I watched a close friend and native Washingtonian, Pam, battle and beat breast cancer twice. She was a brave, strong, God-fearing woman who inspired me. Unfortunately, the cancer came back a third time and I watched her suffer at the end of her life. The doctors did all they could and gave her copious amounts of pain medication. Yet, sometimes when Pam was in an almost comatose state, she would hold her head and moan because the pain was overwhelming.
Pam should have had the option of medical aid in dying. It would have enabled her to get a doctor’s prescription for medication she could have decided to take to peacefully end her suffering and die gently in her sleep. I do not know if she would have chosen medical aid in dying, but I would have given anything for her to have this option. She is the reason why I fight — and will continue to do so — for those who deserve to have this option at their end of their lives and do not want to suffer unnecessarily.
Last week, the U.S. House of Representatives passed an appropriations bill that included an amendment by Maryland Congressman Andy Harris to repeal the D.C. Death with Dignity Act that authorizes medical aid in dying for terminally ill adults in D.C.
The D.C Council passed the law by an overwhelming 11-2 vote, including five of the six African-American councilmembers, last November. The law took effect in February.
I spent two years lobbying the D.C. Council to pass this law. The Council took the time to get educated on the facts. They studied the six states (California, Colorado, Montana, Oregon, Vermont, Washington) where medical aid in dying is authorized, which have a combined 40 years of experience with this option and no evidence of misuse. The D.C. Council did their due diligence before they passed this very important law. Congress did not.
If Rep. Harris and his allies succeed in repealing D.C.’s law, it may inspire them to seek a nationwide ban on medical aid in dying, voiding the laws in six states and legislation introduced this year in 26 states, including Maryland. Polling in Maryland shows 59 percent of African-Americans support this end-of-life care option.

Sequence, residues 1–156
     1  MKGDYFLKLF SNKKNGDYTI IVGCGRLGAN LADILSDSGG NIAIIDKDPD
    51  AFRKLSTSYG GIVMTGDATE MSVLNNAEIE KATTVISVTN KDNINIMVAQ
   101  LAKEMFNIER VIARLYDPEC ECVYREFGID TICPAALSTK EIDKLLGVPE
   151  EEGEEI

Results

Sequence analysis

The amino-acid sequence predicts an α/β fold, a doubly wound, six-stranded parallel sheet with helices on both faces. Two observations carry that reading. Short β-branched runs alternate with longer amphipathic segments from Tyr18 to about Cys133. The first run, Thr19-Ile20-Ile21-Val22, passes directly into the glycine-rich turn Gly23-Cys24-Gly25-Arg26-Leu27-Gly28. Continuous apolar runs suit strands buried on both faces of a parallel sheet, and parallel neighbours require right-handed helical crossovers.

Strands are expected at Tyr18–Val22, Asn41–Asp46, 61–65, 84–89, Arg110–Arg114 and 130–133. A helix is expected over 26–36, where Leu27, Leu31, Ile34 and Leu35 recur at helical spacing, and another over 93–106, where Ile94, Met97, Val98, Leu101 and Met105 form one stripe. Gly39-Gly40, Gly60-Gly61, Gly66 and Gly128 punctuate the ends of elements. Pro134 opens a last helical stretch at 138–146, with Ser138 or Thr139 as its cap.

African-Americans tend to suffer more than other communities at life’s end because we do not have access to or do not utilize end-of-life care options that minimize suffering. For example, our rates of hospice and palliative care use are extremely low. We represent more than 13 percent of our nation’s population, but account for only 8 percent of hospice use. We are also less likely to complete advance directives or have conversations with our families and healthcare providers about our end-of-life care goals, preference and values. Medical aid in dying is an opportunity for our community to engage in these conversations and ensure we receive the end-of-life care we want.
The legislative fight now moves to the U.S. Senate. It’s our responsibility to tell our Maryland senators, Chris Van Hollen and Ben Cardin, to stop this congressional overreach and stand with D.C. residents. Whether or not you would use this law is not the issue. The issue is whether we continue to let others make decisions for us without us. D.C.’s elected officials have spoken on behalf of their constituents. Now it is time for us to support them and let our voices be heard as well.
Donna Smith lives in Laurel, Md. She is the D.C. Access Campaign Public Outreach Manager for Compassion & Choices, a non-profit that works with patients as they approach the end of their life.